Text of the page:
“Oakland City Council Should Censure Desley Brooks,” Seven Days, 1/17
Lock Her Up
Why isn’t this woman in jail? Any other person who assaulted someone in this way would have been arrested and put in jail! She’s a criminal and should be treated as such.
I’d imagine that a felony conviction would resolve the problem of her being an elected official — that would probably call for immediate dismissal.
Rebecca Magdaleno Rankins
Brooks Is Effective
Desley Brooks is the only council person who consistently and effectively pushes the most difficult and anti-racist policies — the department of Race and Equity is just one example.
We need to pay more attention to the few people who actually produce on policies that can to any extent reduce the 13-to-1 racial wealth gap. All the other stuff is just Oakland’s version of reality TV.
Kitty Kelly Epstein
She’s Just Like Trump
Ms. Brooks is part of the new wave of leaders across the country, like President Trump, who behave rudely, unprofessionally, and without regard for decency and responsibility. I have watched city council meetings and been so embarrassed by the way she bullies and is abusive to citizens and her fellow councilmembers. She, like Donald Trump, makes accusations and points fingers when concern is raised about her mishandling of funds, brawling in the chambers, etc. Now, her bad behavior is going to hurt all of us even more.
We need to demand higher standards from our leaders, starting now, here, at home: grassroots promotion of a better nation and government.
She Went Too Far
There are plenty of Oakland community activists who could “push the most difficult and anti-racist policies” without being an abusive bully (which Desley Brooks has been as long as she’s been in the limelight) who attacks small, elderly people (even tough, fiery ones like Elaine Brown).
Brooks is very smart — and has used her intellect to ride roughshod over some of the less bright bulbs on the city council — but she has gone too far this time. Hopefully, the voters of her district have seen enough.
She’s Why I Ran for Council
I ran for Oakland City Council against Rebecca Kaplan last time around because I was so angry that the rest of the council wouldn’t stand up to Desley Brooks. I was bullied as a child. I find those who allow the bully to exist are in some ways more disgusting than the bully herself.
It’s All About Desley
Desley Brooks routinely talks up racial disparity in Oakland when she is under attack. Very little has improved during her 16-year tenure. In fact, the overwhelming increase of the newly homeless are African-American amongst continued discriminatory city policies, SRO shortages, and school closures.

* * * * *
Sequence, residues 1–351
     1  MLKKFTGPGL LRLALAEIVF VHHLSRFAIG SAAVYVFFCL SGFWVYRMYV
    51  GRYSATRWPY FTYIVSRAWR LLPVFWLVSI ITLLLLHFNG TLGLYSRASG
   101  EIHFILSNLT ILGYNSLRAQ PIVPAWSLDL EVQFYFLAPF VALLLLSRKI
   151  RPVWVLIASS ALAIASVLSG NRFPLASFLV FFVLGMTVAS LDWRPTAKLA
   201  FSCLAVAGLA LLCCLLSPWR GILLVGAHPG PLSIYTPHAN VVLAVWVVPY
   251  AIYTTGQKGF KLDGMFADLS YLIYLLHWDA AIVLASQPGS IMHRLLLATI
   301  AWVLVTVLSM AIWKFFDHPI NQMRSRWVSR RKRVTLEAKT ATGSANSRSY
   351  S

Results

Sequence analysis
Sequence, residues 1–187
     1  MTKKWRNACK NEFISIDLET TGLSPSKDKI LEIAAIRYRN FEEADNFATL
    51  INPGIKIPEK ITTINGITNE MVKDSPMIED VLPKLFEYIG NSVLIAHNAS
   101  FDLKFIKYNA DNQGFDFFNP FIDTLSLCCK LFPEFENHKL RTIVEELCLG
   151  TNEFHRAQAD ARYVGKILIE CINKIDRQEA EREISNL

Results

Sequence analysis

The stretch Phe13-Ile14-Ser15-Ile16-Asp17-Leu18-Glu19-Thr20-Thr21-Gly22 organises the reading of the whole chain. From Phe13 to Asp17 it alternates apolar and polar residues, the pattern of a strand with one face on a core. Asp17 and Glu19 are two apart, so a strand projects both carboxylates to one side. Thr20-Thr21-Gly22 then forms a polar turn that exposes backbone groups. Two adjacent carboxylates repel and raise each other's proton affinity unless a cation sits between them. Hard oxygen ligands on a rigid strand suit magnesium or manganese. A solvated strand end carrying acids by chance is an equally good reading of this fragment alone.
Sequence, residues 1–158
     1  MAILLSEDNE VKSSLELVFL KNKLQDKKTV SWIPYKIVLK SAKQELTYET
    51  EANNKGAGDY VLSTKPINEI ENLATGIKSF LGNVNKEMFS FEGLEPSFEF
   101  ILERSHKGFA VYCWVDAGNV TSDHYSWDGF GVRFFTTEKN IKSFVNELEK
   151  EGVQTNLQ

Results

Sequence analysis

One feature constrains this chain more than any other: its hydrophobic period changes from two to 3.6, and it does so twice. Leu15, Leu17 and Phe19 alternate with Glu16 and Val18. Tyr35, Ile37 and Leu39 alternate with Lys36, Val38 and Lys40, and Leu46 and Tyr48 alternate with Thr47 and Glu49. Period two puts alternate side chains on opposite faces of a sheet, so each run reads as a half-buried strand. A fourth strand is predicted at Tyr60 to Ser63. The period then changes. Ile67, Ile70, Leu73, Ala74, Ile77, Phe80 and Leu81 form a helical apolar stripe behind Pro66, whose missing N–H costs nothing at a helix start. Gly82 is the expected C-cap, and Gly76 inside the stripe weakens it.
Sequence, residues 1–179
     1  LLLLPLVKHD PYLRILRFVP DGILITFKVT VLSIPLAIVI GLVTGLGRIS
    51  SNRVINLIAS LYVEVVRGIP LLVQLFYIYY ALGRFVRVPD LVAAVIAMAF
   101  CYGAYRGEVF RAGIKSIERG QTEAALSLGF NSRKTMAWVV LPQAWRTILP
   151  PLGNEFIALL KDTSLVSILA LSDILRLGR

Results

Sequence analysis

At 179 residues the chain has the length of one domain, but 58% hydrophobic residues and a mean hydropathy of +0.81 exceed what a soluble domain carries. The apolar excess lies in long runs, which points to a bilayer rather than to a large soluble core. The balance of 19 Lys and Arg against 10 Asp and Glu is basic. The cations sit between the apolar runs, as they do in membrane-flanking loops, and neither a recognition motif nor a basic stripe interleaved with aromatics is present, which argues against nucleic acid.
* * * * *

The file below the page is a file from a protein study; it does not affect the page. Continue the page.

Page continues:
Above all, she has no interest in Oakland other than what can be bartered to her benefit, and her office reflects that: no policy or legislative analyst — just Desley.
We will be better served with anyone else in office. Bye Desley!
“United Nations Expert Describes Oakland and California’s Homeless Crisis as ‘Cruel,'” News-Online, 1/21
It’s just as bad if not worse in San Diego. El Cajon made it illegal to feed the homeless, and San Diego has battled a Hep A outbreak due to lack of facilities for the homeless.
Express Cover, 12/17/17
A few weeks ago, our organization, Bay Area Girls Rock Camp, was featured on the cover of East Bay Express. This letter is to publicly voice our disapproval of the photo chosen for the cover. We did not immediately release this letter to allow time to talk to the youth involved, who are also disappointed and frustrated by the cover photo.
While we love and support the individual pictured on the cover and deeply value her committed involvement with BAGRC, no one person can embody our entire community, nor should they. We are disappointed at your choice to feature a photo of one camper, a white cis-gendered camper, when there were also photos available to you of the pictured camper alongside her bandmate, who is Black and trans. These two bandmates are a team (in their words a “package deal”), and it is unfair to remove one of them from the hard work they do together as musicians and collaborators. Your choice to omit this student shows your lack of responsibility and care for Bay Area youth. Our participants are not flattened images, they are real people. Please reflect heavily on the damaging ways you use youth in your magazine. Additionally, while she was alluded to in the article, the name of our co-executive director and most senior staff member, Shawna Scroggins, who is Black, was also disincluded.